Etsy, an online marketplace for buying and selling handmade goods, was designed to help small business owners enter and thrive on the online market.
But another trend is emerging: some students at Syracuse University are using Etsy as a way to jump-start their careers in the fashion industry. I spoke with Jane Brinks, a junior fashion design major, and Danielle Quigley, a senior writing major taking jewelry and metalsmithing classes, about how they use Etsy and what they have learned from their experiences.
Vintage & Denim with Elephant Caravan
Brinks, who operates under the label Elephant Caravan, focuses on vintage goods, reclaimed materials and hand-embroidered denim clothing. Brinks began using Etsy as a way to resell items her family had accumulated over the years. After experiencing some success, she started using Etsy as an online fashion portfolio.
“I use it to showcase my style,” she said. “When I apply for jobs, I can reflect my overall look and style with a physical portfolio I’ve created.” Etsy has also allowed Brinks to explore what it is like to run a business. Brinks has sold 17 or 18 pieces ranging from $5 to $120. Her biggest hit has been custom denim embroidery.
Brinks began embroidering her own denim with personalized designs and motifs. After receiving positive feedback from friends, she decided to sell embroidered denim pieces such as jackets or skirts on Etsy.
“Sometimes people will send me a jacket and I ask what design and color pallet they would like,” Brinks explained. “After that, it’s my own interpretation of their idea.”
Aside from making money, Brinks explained that Etsy has given her a valuable skill set.
“It shows I have experience in the marketing and finance aspect of fashion, as well as creation collections and having themes and looks,” she said. When asked if she plans on running her own business after graduation, she says she can picture it.
“Before, I thought I would have to take a variety of business classes to understand all aspects of how to run a business, but Etsy has shown me that I can do it.”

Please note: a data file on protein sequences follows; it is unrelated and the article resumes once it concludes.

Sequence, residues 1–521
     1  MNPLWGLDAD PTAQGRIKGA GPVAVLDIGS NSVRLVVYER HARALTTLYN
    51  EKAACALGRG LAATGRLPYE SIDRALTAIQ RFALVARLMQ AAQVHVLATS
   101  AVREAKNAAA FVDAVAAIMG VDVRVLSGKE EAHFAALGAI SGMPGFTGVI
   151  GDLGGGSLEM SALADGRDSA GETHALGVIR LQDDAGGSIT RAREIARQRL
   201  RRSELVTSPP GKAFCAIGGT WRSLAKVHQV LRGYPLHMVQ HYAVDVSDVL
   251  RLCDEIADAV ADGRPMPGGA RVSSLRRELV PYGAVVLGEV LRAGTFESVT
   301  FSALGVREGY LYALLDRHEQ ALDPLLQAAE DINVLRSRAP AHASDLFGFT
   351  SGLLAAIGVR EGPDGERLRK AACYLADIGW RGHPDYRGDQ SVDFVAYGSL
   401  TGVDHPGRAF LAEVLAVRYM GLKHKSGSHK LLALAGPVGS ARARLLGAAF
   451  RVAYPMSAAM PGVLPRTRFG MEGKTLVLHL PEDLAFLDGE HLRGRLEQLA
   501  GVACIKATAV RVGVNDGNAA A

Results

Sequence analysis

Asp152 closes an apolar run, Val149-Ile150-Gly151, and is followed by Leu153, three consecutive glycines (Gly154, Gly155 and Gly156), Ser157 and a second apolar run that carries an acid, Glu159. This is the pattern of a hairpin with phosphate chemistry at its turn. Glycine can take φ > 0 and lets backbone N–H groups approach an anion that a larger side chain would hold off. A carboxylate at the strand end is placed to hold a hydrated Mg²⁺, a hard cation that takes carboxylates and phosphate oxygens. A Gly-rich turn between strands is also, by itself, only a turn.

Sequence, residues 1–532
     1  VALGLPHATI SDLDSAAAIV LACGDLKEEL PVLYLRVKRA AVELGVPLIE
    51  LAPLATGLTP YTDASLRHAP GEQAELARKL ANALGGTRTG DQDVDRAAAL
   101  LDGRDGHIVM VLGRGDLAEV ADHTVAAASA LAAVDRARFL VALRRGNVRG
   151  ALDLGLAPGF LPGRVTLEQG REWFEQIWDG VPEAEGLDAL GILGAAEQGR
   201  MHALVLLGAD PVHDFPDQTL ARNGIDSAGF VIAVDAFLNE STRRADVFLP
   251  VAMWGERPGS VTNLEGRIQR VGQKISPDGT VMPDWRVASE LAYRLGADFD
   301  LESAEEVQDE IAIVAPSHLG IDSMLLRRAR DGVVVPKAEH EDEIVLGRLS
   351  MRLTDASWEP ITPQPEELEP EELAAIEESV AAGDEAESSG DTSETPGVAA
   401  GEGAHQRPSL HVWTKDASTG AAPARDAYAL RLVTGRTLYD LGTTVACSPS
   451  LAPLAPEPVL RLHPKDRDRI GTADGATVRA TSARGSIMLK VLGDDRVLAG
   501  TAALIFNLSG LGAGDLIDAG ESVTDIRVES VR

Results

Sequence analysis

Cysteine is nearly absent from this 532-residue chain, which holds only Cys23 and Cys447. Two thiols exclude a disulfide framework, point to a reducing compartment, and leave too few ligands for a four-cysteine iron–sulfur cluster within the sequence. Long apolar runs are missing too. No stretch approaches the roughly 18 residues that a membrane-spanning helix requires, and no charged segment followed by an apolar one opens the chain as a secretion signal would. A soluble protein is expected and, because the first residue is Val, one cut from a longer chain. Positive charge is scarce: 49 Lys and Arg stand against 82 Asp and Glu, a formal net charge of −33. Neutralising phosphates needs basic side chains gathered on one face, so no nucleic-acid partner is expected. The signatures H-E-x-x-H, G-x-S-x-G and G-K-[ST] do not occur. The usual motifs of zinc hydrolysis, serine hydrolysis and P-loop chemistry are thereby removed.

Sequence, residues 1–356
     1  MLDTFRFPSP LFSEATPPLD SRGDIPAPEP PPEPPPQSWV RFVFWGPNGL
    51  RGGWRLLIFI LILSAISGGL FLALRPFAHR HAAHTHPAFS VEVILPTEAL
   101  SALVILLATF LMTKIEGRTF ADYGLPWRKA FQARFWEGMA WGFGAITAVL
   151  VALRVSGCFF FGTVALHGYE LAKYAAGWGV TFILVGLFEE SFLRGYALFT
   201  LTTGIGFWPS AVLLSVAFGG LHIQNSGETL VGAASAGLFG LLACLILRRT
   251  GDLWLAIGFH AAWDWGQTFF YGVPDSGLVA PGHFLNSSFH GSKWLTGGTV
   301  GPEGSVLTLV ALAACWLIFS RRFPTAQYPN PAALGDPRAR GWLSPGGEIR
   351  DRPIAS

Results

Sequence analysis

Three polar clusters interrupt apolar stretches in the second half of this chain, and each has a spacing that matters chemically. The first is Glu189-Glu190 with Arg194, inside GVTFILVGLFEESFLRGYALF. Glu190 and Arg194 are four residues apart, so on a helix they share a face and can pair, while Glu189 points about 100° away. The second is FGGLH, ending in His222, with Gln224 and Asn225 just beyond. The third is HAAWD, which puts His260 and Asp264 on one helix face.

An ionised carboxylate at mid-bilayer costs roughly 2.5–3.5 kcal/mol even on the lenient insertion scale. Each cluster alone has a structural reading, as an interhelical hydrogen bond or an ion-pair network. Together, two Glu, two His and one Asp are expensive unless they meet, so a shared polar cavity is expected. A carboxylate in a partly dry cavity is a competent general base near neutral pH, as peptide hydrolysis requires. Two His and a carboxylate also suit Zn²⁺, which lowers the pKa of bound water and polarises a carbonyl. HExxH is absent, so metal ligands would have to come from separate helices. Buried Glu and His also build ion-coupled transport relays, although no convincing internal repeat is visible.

Handmade Jewelry with Danielle Rose Bean
Quigley, who uses Etsy as Danielle Rose Bean, uses the site to showcase the hand-assembled jewelry she creates. She views Etsy as a marketplace that allows independent designers to showcase their work and says the site has allowed her to expand her reach internationally.
Quigley first learned about Etsy six years ago when she went to a flea market and met a girl who had set up her own online shop on the site. Quigley says Etsy has not only helped her create a thriving business, but has also provided a forum for networking.
“The forum section on Etsy is a great place to network,” she said. “I’ve met really important people in the fashion industry there–they’re looking for new talent, new designs, new concepts. Etsy is turning into a social network because of the forums.”
Quigley said the advantage to using Etsy over Facebook or Twitter is that people specifically visit the site to purchase the types of goods she sells, so her audience is already there and eager to learn more about her products.
Etsy has also led to opportunities that few young designers would have access to otherwise. By showcasing her work on Etsy, she has had some of her pieces carried in stores in Australia and Los Angeles, California. A stylist for an independent film being shot in India saw Quigley’s pieces online and contacted her about using the jewelry in the movie.
“I get a lot of hits from different retail stores or boutiques that want to carry my line,” she said. “Without it, it would probably be trying to get out there and go to craft fairs, which is a harder route. Etsy has made the process a lot easier.”
In terms of business, Quigley has sold 1,013 pieces–all carefully crafted by hand. Her items range from $22 to $300 and she noted that the expensive pieces often sell better.
“I think people like buying something that’s one of a kind,” she said. “I have a good client base and repeat customers and I try to go above and beyond for them.” This is evident in her 100 percent positive buyer feedback.
While her Etsy business has been a success, Quigley says she has bigger dreams.
“I have a jewelry distribution company talking to me about selling my line,” she said. “Etsy is fun and a good starting off point, but I see myself begin in stores and retail chains across the country.”
While Etsy is a tool to showcase a fashion portfolio or grow a business, Quigley says it shouldn’t be incorporated into fashion classes just yet.
“Learning about sites like Etsy in a class could be useful, but it’s important for people to do it themselves,” she said. “You have to want it. There are people on Etsy who aren’t successful, no matter how well they know the system. If you don’t have what people want, you’re not going to sell.”
Etsy generates revenue by charging sellers 20 cents per listing, per quantity in stock, as well as a transaction fee of 3.5 percent when an item sells.
Have you purchased items from Etsy, or sold your own creations there? Share your experiences in the comments!